- Key data releases on the menu as the ECB meets in two weeks
- ECB officials have been toning down their hawkish commentary
- The euro would welcome a strong inflation print and the ensuing hawkish rhetoric
- German CPI will be released on Wednesday; EZ aggregate on Thursday 10 GMT
Two weeks left for the last ECB meeting for 2023
With the Thanksgiving holiday break behind us, we are on the homestretch now for 2023. The market is counting down to the last round of central bank meetings starting with the RBNZ this week and concluding with the BoJ meeting on December 19. The ECB gathering is scheduled for December 14 and the market would be very interested in any rhetoric change by President Lagarde.
Ahead of this busy period, ECB members have been flooding the airwaves with their comments. They have been trying hard to convince the market that (1) rate hikes are not completely off the table, (2) rates will probably stay at the current levels for a while and it is too early to talk about rate cuts, (3) the current weak growth patch is expected to continue in 2024 but they do not expect a recession and (4) inflation is expected to edge a bit higher over the coming months.
At the end of the day though, their approach is data dependent. Since the October ECB meeting, euro area economic data prints have been mostly mixed. The weak preliminary GDP for the third quarter of 2023 has been followed by subdued retail sales, revealing the impact of a rather long period of continued price increases. Inflationary pressures have been abating but core inflation remains stubbornly high, complicating the outlook. At least, PMI surveys have been picking up pace, although the German PMI manufacturing survey is stuck at an extremely low level.
November inflation report in focus
Τhis week we will get the preliminary inflation report for November. On Wednesday, the various German states will publish their figures with the German national figures expected after 13.00 GMT. The annual German inflation figure has been on an aggressive downward trend since the November 2022 peak of 8.8% with forecasts revolving around another deceleration to 3.5%.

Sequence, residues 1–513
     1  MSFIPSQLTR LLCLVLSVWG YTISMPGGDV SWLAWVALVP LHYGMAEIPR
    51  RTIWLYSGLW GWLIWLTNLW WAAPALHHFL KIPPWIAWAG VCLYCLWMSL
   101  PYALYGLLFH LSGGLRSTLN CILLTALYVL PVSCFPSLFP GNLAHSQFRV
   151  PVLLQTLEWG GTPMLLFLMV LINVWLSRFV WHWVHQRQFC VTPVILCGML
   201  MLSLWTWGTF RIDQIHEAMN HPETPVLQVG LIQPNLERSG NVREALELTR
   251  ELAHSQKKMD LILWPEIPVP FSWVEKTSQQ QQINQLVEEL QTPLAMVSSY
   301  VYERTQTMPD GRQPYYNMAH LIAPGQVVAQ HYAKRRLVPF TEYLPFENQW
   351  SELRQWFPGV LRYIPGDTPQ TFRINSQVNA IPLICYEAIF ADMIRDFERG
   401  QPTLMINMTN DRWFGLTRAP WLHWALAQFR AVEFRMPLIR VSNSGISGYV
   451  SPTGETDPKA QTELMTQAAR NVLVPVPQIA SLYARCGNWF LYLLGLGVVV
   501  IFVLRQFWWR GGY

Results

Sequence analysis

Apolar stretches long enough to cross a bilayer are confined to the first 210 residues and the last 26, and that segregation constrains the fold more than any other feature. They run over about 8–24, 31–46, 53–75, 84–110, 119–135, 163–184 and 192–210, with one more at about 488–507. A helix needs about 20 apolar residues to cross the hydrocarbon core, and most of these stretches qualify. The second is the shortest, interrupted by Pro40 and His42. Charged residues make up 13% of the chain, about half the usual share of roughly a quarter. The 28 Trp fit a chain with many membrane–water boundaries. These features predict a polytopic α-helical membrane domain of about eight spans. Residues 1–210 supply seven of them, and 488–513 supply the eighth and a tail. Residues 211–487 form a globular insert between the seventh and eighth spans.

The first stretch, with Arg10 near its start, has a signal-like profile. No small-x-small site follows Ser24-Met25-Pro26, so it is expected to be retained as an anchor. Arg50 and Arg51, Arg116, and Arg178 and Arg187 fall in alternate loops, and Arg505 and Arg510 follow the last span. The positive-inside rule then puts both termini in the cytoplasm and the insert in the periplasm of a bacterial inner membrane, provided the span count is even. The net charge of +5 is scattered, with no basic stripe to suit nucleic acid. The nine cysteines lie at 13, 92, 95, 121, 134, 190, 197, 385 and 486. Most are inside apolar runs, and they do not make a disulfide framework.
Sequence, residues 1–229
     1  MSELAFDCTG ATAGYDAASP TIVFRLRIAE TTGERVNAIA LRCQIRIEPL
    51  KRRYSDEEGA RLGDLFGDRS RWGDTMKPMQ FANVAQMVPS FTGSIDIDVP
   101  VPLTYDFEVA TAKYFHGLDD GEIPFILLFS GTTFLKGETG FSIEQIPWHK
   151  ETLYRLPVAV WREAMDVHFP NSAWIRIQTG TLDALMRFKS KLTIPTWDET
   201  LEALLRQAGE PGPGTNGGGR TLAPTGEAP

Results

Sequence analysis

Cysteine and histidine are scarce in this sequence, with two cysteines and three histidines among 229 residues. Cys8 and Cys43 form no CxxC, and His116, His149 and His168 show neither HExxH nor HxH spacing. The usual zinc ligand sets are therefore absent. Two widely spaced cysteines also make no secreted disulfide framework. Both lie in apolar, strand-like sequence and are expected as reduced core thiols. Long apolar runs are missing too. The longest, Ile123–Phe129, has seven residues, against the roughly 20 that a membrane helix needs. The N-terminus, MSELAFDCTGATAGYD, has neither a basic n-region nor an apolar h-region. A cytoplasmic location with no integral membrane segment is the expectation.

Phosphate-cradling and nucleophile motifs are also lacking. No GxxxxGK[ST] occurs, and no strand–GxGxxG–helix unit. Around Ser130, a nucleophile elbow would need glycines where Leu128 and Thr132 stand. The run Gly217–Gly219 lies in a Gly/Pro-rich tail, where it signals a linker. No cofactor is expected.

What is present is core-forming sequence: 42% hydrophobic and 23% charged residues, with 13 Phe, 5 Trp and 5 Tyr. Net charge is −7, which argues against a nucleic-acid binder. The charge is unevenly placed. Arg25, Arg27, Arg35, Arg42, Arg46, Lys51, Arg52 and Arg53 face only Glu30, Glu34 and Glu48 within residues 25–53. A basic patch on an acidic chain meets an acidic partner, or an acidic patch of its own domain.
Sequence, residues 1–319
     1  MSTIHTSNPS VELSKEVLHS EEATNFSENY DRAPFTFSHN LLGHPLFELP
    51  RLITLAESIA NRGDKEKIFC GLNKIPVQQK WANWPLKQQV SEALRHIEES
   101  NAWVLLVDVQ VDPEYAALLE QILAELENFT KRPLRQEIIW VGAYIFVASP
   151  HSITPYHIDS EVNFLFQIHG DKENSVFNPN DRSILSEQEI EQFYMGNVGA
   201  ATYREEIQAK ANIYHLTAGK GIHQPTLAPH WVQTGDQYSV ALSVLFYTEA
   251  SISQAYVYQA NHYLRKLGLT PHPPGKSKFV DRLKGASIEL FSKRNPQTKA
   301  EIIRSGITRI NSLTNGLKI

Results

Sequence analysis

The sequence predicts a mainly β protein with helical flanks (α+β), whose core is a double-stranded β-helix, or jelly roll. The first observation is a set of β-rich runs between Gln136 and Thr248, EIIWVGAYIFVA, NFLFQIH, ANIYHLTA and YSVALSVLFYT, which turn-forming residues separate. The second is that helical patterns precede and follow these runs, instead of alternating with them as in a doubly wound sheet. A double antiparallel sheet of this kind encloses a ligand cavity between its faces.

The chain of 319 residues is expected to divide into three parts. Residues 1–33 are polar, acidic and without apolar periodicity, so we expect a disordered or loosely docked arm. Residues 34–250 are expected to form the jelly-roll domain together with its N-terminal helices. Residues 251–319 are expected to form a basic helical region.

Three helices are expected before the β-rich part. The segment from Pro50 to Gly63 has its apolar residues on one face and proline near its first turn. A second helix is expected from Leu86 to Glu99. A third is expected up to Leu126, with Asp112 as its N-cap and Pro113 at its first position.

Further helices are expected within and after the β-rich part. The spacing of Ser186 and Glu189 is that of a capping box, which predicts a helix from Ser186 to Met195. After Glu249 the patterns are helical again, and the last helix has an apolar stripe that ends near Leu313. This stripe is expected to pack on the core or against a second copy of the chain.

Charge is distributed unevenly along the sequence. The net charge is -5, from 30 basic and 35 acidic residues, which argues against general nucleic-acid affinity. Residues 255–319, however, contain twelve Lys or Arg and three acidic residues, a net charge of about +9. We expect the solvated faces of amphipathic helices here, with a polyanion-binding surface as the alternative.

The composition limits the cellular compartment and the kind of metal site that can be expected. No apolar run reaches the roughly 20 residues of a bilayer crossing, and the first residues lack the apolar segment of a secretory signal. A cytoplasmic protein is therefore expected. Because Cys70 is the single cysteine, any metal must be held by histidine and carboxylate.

The euro area aggregate print is expected on Thursday. With the headline indicator gravely affected by the weaker energy prices and thus seen recording a 2.8% YoY change, the core indicator is bound to get more attention. The core index, excluding energy, food, alcohol and tobacco, has been falling from the March 2023 peak of 5.7% and it is forecast to fall below the 4% level for the first time since July 2022.
However, it remains at an elevated level, and above the headline figure. ECB members are worried that the supply issues and stronger wage increases across the euro area are potentially supporting the stickiness of core inflation.
With the market fixated with rate cuts – the first 25bps rate cut is fully priced in by June 2024 – a possibly strong inflation report is unlikely to affect market expectations. In fact, only a combination of stronger growth indicators such the PMI surveys and repeatedly stronger inflation prints could convince the market that rate cuts are probably not around the corner at this stage.
Euro in danger of losing its recent hard-earned gains
The euro has been outperforming the pound since late August, but these hard-earned gains could be under threat now. Last week’s UK Autumn Statement appears to have invigorated the pound bulls but the next leg in the euro-pound pair will probably depend on this week’s data calendar, and predominantly the November inflation report.
A strong set of data this week could help the euro-pound pair climb above the August 23 ascending trendline and potentially open the door for a move towards the 0.8794-0.8815 area. On the flip side, weak data results and dovish rhetoric from ECB officials could mean the current correction might have legs, with 0.8635 being the next credible target.